Restaurant toilets were always public: BBMP

BBMP Health Infrastructure Top Story

Indira canteen staff will welcome the public—if their toilets work. Experts and citizens say existing public toilets will serve the need if they are maintained.

We’ve all done it—popped into a coffee shop’s toilet and quickly, guiltily left without patronizing it. But, what we’ve done is perfectly legal. Suralkar Vikas Kishore, Special Commissioner of Health, Bruaht Bengaluru Mahanagara Palike (BBMP) said, “hotel and restaurant owners must provide free drinking water and allow the public to use the restrooms even if they are not their customers. This has always been the rule.”  However, he added that since hotels and restaurants were private properties, they could not be forced to open their washrooms to the public.

Recent news reports suggested that BBMP will issue guidelines to Indira Canteens and hoteliers and restaurant owners to open their washrooms to the public.     

Staff washrooms of Indira Canteens

The staff washrooms in Indira Canteens remain inaccessible even to the staff.

Staff at Indira Canteens across the city say that they have not received any notification from the BBMP intimating them to open their staff washrooms to the public. However, even if they did, they say, that the washrooms remain inaccessible even to them.

Umashankar, a server at the Indira Canteen in Kengeri said, “We do not have any problem in opening the staff washrooms for the public. However, right now, the washrooms are not accessible even to the staff.” He was referring to the lack of water supply for the washrooms. “We have to fetch water from nearby shops or taps even for our staff to use these washrooms,” he said.

Vidyanand, at the Indira Canteen in Majestic had the same to say. “We no longer use these washrooms and have locked them up because of a blockage in the sewage line. Using these washrooms would lead to the sewage coming up the drains, making it impossible for people to eat amidst the waste and stink,” he said. However, he said that they were willing to open up the washrooms for the public once the problem was fixed. “In the meantime, our staff is using the public toilet across the street,” he added.

They also pointed out that the canteens did not have the required amenities and staff to maintain the washrooms if they opened them to the public. M. Athur, a BBMP Marshal present at the Indira Canteen in Cubbonpete said that the washroom facility at the canteen was only for the staff and the public could use the public toilet beside the canteen. “If we permit the public to use these washrooms, they would leave it dirty. Moreover, we do not have any staff to look after the maintenance of these washrooms, and the lack of water supply adds to the problems,” he said. He added that the situation was similar across most Indira Canteens in the city.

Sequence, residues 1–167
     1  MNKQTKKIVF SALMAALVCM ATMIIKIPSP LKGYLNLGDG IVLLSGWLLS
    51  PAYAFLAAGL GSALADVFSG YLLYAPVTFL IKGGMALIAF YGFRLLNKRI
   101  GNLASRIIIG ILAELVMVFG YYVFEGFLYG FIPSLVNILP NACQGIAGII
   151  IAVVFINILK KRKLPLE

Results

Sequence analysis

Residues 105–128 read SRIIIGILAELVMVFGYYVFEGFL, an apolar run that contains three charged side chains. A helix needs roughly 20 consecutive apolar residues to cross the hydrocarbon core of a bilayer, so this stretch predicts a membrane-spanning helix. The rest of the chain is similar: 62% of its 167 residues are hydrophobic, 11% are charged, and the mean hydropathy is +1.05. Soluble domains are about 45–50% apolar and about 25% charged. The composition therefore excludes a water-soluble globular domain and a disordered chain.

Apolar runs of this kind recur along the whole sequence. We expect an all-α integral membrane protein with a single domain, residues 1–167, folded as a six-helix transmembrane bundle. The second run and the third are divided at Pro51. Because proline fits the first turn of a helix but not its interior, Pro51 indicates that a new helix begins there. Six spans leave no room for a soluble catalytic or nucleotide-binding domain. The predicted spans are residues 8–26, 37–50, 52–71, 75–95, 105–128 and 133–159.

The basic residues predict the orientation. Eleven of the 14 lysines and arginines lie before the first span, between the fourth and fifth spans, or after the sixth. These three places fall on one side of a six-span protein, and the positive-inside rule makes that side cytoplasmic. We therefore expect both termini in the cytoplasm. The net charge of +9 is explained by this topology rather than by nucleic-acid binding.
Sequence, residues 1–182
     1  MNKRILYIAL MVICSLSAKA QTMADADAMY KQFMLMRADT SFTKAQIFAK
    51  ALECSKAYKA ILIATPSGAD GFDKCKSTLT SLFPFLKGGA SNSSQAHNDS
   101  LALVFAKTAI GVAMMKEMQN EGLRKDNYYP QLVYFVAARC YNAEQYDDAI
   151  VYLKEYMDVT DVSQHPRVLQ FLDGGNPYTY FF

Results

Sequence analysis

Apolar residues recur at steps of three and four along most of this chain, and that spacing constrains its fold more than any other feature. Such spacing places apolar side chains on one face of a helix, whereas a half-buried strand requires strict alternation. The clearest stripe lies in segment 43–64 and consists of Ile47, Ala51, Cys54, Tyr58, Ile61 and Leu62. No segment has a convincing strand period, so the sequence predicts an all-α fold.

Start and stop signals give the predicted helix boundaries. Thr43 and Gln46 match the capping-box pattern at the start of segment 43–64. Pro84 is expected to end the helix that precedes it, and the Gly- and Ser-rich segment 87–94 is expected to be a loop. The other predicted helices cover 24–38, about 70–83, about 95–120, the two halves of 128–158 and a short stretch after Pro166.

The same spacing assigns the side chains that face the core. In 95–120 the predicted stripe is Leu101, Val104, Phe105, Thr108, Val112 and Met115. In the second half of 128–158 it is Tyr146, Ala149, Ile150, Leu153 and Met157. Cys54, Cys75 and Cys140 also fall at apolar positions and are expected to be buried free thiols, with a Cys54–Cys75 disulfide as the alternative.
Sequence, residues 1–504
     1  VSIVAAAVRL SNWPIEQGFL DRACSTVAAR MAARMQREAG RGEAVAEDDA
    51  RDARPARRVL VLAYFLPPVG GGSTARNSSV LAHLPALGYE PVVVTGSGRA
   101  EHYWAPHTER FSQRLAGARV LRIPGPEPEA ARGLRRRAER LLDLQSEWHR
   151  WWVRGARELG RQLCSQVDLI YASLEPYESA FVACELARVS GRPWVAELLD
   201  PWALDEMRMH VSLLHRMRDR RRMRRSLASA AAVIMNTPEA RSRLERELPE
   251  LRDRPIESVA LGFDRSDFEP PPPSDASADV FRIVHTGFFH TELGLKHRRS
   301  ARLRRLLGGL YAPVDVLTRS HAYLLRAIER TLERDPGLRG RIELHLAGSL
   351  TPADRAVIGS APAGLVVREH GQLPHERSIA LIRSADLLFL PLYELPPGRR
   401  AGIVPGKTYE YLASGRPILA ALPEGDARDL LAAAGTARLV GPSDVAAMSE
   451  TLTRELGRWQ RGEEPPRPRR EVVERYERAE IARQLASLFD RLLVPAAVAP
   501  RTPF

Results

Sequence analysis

Hoteliers respond

Triveni, a representative of the Bruhat Bangalore Hotel Association said that while they did not receive any official intimation from the BBMP to permit the public to use the washrooms of the hotels and restaurants in the city, they already do so. “Hoteliers and restaurant owners do not usually keep a check on who enters their premises, especially during rush hours. However, free drinking water and washroom facilities in the restaurants have always been available to the public,” she said. 

Sarfaraz, a staff at the Empire Hotel in Church Street said, “We do allow the public to use our washrooms even if they are not our guests. Free drinking water is also provided to anyone who asks for it.” Shashikala, a staff at the Paragon restaurant in Church Street also said the same. Vanitha N., a staff at the KFC’s Majestic branch also said that their washrooms were open to the public even if they were not customers.

Chaitanya, a working professional, said, “I am prone to developing allergies, so I do not use public toilets. Unless it is an emergency, I wait till I reach home to use the washroom.” She added that she had previously used washroom facilities of hotels and restaurants despite her not being a customer. “I faced no issues in accessing those washrooms. The staff was extremely considerate,” she added.

City to get ‘She toilets’

Bheemesh, Executive Engineer, Solid Waste Management Department (SWM), BBMP said that the plan is to only construct new She toilets in the city and not e-toilets, contrary to the information being circulated. These toilets would be exclusive for women and can be accessed free of cost. “Bangalore currently has no She toilets. The ‘She toilets’ would include amenities for women such as breastfeeding rooms and sanitary napkin vending machines,” he said.